I had sort of intuited on my own that what you're looking for is that more flexible film coating that still serves the protection function (whaddaya know, another tradeoff situation; they're everywhere in life, aren't they?). From the non-instrument world of finishing wood stuff, I knew that spar varnish, for example, is formulated for flexibility to accomodate the greater movement of wood in outdoor conditions (spar varnish = tung oil and I can't remember what resins.)

    The question about the acoustic properties of the varnish components themselves (resins, oils) is the sort of thing that can come up when you're working on your own, trying to understand particular situations from a general theory standpoint and from what you already know. It's the sort of situation where, even if you know a lot and are pretty good at what you do, you can still do/think some goofy stuff!

    Yet another argument for working with teachers, I guess....

    So here's another one from the same ballpark -- any opinions on the acoustic properties of various sealing substances? I was looking at some luthier's website (can't remember who) where there were some very interesting electron microscope photos of old Strad violins, showing the thin sealer layer composed of various fine-ground minerals (can't remember what holds the minerals together.) Somehow over time we began to really fancy a smooth feel in finished surfaces and sealers I guess began to be optimized for creating good smoothing conditions. I guess that leads to the whole raised-grain-feel versus smooth-feel that, in another thread, Jeff Bollbach talked about with the unfortunate Mr. Veltmann....

    Thanks, guys, for indulging this person from the northern hinterland who wonders about these things...
     
  5. I guess I'm just curious how it will sound even though I know It's not going to sound anything like that when the varnish goes on. :)
     
  6. Tumbao

    Tumbao

    Nov 10, 2001
    FL
    good'ol1, Bump!
     
  7. Dr Rod

    Dr Rod

    Aug 19, 2005
    I read yesterday that some makers like the sonic qualities of craquele varnish, because it doesn't straightjacket the top.

    Comments?
     
  8. banjo-tom

    banjo-tom

    Mar 9, 2006
    Toronto
    Thanks for bringing up this topic up Damon.
    This is just what I need to read!!
    It closely resembles the situation I find myself with.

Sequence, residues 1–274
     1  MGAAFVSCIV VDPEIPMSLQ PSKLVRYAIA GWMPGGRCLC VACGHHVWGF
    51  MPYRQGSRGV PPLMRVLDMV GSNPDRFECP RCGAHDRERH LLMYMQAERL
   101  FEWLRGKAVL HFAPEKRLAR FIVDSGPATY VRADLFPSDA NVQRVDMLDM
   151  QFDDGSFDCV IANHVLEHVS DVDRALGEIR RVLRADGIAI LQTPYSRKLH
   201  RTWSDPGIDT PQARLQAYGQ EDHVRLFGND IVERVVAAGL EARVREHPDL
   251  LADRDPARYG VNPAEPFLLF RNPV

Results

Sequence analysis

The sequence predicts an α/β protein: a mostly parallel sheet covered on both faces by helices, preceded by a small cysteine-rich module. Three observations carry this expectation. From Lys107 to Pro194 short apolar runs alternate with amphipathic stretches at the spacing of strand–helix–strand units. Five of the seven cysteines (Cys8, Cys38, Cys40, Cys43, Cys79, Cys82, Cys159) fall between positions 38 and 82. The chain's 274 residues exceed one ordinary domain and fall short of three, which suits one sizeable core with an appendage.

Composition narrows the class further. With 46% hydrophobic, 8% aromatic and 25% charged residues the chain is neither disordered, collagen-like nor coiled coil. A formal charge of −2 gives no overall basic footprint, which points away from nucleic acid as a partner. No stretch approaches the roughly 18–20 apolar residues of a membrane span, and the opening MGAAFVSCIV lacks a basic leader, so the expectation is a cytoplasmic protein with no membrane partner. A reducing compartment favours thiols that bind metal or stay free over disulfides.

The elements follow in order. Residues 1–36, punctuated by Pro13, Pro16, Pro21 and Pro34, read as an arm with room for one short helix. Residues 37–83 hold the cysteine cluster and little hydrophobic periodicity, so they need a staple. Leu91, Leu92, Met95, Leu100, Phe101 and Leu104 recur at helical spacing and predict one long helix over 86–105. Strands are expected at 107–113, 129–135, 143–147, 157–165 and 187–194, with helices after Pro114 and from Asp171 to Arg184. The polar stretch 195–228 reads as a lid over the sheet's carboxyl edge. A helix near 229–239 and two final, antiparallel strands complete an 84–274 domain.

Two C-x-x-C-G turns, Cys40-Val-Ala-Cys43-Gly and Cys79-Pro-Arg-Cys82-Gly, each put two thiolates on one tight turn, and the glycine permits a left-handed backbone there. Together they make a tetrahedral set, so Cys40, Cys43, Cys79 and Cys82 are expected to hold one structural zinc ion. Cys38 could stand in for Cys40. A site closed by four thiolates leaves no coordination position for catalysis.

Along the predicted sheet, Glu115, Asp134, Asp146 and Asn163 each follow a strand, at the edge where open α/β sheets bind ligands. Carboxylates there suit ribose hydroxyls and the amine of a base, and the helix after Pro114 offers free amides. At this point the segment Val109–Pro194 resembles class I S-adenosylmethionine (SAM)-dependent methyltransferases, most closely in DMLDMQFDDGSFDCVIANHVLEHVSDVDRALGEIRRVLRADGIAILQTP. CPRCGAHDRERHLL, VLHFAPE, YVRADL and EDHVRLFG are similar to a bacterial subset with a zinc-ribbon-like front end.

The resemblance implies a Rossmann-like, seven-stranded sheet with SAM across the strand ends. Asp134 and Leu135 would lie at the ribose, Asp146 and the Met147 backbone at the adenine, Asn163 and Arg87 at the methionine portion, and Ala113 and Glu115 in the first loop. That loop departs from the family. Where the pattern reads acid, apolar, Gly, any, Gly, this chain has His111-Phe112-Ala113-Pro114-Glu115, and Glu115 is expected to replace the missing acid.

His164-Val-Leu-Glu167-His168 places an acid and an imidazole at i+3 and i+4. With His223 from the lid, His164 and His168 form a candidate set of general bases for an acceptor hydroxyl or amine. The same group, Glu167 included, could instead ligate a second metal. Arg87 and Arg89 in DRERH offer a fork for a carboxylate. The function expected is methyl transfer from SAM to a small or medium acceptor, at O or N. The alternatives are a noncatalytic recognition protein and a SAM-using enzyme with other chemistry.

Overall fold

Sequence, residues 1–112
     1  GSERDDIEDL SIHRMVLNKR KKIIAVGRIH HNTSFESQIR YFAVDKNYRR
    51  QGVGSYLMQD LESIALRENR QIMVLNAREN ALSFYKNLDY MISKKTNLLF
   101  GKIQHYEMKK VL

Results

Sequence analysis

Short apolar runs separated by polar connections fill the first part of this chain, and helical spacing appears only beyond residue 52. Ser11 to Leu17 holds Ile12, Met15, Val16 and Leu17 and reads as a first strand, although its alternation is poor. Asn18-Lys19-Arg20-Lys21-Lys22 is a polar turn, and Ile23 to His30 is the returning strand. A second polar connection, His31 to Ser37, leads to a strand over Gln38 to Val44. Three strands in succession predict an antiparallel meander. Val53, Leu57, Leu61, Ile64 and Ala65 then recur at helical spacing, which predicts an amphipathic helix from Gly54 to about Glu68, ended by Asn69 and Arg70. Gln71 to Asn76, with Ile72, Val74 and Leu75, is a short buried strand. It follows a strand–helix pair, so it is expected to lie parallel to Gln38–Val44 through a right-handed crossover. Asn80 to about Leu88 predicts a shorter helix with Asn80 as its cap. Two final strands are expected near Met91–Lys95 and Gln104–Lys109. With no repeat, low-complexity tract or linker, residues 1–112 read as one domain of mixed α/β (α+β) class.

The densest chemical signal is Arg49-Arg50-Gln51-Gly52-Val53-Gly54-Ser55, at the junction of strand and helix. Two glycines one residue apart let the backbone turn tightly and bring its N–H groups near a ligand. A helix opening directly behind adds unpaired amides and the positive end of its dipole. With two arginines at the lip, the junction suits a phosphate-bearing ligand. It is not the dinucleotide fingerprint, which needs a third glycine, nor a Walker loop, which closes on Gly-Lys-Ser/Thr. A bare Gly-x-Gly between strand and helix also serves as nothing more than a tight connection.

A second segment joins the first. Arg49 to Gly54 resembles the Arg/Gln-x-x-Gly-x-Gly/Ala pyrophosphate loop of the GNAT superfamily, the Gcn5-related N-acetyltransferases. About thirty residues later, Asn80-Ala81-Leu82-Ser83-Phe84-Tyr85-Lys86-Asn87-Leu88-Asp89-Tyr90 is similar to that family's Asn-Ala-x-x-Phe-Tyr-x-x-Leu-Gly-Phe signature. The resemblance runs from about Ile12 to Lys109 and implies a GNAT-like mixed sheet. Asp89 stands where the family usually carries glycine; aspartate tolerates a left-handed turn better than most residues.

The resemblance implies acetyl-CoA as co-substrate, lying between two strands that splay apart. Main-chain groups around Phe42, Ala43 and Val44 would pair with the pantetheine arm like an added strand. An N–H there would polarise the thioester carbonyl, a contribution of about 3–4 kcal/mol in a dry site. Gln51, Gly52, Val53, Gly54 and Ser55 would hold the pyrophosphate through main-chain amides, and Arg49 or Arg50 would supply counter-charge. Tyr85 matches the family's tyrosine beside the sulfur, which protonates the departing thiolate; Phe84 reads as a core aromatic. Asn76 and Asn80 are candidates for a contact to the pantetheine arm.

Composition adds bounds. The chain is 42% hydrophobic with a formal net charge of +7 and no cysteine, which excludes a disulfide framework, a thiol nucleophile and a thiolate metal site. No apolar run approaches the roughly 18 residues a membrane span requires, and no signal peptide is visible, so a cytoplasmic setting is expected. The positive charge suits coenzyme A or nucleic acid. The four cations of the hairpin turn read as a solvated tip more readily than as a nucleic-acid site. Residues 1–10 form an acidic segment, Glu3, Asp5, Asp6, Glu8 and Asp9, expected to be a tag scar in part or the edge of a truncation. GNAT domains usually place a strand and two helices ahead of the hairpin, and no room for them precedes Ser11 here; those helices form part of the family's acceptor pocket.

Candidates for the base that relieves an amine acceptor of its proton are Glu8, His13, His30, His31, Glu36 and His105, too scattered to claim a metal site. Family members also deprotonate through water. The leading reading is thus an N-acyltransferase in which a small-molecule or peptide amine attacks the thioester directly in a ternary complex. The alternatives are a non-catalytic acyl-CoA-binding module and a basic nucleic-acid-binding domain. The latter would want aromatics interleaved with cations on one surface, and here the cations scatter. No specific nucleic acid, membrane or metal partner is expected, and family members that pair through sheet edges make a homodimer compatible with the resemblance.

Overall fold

This thread will definitely add to the scare info available regarding wood finish for DB
    Tom
     
  9. nicklloyd

    nicklloyd Supporting Member/Luthier

    Jan 27, 2002
    Cincinnati, Ohio
    Where did you read this?
     
  10. Allan Santos

    Allan Santos

    Dec 17, 2005
    Hi Arnold,

    What does craze mean?

    Thanks,

    Allan
     
  11. Dr Rod

    Dr Rod

    Aug 19, 2005
    Hey Nick

    I read it on strad magazine, the makers that claim this are a couple from Connecticut I think, the Moes'. They don't build basses, but their cellos are played by big shots.
     
  12. arnoldschnitzer

    arnoldschnitzer AES Fine Instruments

    Feb 16, 2002
    Brewster, NY, USA
    Crazing is cracking of the finish. it looks like the skin of an alligator. It is generally caused by application of incompatible materials. Sometimes it happens when varnish is applied with inadequate dry time between coats. Then the varnish dries out unevenly, from the outside in, and cracks.
     
  13. KSB - Ken Smith

    KSB - Ken Smith Banned Commercial User

    Mar 1, 2002
    Perkasie, PA USA
    Owner: Ken Smith Basses, Ltd.
    Arnold, when you get a minute, take a flashlight and magnifier glass and look at the top of my Gilkes there for restoration. I recently noticed this 'crackling' under a flashlight and magnifier glass that was not visible to the naked eye. I don't see any on the back, ribs or neck/scroll, just the top. This is the 200 year old top that has never cracked but the varnish under close amplified inspection show this effect.